I just finished reading Buddhist Boot Camp by Timber Hawkeye. I’ve been following him on Twitter and Face Book for awhile but didn’t get a chance to read his book until two days ago. The idea behind the title is to train your mind just like its in boot camp. The chapters are short and you don’t have to read them in order.
In the chapter titled “Repentance” he lists all of his past transgressions, something I doubt many authors willingly share with their readers. It takes a strong sense of self to expose oneself to that kind of vulnerability and I admire him for that.
In another chapter Hawkeye shares the Native American story “The Two Wolves”:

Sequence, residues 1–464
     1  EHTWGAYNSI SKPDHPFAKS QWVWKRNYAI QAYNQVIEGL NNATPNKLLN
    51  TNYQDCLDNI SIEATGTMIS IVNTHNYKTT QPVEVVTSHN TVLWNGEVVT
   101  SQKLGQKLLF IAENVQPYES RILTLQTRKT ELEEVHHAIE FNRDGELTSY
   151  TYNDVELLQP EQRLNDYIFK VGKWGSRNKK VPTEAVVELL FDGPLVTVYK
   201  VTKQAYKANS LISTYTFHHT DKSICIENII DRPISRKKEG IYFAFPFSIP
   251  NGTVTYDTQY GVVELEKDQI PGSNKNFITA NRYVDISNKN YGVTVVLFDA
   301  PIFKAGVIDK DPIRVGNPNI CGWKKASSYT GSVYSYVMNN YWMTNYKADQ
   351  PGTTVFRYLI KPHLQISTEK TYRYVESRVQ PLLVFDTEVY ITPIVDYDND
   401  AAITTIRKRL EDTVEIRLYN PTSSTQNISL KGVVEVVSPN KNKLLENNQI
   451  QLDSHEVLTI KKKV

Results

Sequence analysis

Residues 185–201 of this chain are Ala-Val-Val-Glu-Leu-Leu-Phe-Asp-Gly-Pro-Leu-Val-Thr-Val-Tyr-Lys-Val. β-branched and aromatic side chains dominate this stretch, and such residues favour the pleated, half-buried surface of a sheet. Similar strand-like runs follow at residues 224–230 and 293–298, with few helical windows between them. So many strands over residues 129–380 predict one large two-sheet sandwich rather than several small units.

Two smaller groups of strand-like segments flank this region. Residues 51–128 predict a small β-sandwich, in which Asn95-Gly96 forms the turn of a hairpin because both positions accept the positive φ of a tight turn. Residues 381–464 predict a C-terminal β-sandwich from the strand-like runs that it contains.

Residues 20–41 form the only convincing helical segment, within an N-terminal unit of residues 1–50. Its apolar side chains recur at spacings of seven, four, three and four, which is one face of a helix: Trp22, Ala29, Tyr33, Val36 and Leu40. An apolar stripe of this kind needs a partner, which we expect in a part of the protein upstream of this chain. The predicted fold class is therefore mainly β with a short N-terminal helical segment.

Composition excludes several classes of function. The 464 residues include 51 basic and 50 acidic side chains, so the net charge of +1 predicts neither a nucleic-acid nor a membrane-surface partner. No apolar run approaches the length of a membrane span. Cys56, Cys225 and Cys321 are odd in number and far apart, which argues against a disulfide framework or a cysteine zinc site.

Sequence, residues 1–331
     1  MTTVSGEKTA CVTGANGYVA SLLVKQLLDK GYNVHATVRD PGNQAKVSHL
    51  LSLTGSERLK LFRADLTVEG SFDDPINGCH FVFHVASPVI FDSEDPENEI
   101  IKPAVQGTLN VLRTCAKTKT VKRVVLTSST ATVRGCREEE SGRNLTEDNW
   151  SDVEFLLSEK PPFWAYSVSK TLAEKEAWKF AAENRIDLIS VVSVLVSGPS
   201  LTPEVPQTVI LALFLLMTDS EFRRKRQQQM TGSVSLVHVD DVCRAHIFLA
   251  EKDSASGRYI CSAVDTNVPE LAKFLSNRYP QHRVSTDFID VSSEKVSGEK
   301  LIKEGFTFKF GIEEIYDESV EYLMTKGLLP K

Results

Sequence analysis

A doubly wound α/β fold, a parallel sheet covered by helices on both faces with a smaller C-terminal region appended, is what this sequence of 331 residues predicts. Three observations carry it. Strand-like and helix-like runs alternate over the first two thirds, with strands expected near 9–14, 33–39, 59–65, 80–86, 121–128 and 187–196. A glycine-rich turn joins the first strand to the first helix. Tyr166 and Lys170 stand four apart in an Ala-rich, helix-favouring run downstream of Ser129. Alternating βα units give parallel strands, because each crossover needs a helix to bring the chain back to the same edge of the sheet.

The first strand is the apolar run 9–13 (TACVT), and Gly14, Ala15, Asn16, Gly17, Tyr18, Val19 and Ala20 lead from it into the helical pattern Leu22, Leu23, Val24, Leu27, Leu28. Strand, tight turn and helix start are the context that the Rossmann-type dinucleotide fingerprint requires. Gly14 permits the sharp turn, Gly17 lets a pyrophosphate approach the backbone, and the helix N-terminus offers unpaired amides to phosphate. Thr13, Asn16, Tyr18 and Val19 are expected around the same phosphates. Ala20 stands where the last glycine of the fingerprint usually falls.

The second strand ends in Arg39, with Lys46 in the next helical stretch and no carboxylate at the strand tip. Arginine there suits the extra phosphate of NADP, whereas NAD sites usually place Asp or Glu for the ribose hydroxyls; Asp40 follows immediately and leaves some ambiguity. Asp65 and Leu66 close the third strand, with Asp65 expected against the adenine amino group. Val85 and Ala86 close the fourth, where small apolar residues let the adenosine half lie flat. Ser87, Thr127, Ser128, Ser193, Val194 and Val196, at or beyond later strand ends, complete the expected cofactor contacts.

An old Cherokee is teaching his grandson about life. “A fight is going on inside me,” he said to the boy. “It is a terrible fight and it is between two wolves. One is evil – he is anger, envy, sorrow, regret, greed, arrogance, self-pity, guilt, resentment, inferiority, lies, false pride, superiority, and ego.” He continued, “The other is good – he is joy, peace, love, hope, serenity, humility, kindness, benevolence, empathy, generosity, truth, compassion, and faith. The same fight is going on inside you – and inside every other person, too.” The grandson thought about it for a minute and then asked his grandfather, “Which wolf will win?” The old Cherokee simply replied, “The one you feed.”
That story really resonated with me.
He also writes about how simplifying his life enabled him to work less and live a richer life; something that seems to be a popular trend among the younger generation.
I enjoyed his book and added it to my collection of favorite contemporary Buddhist authors.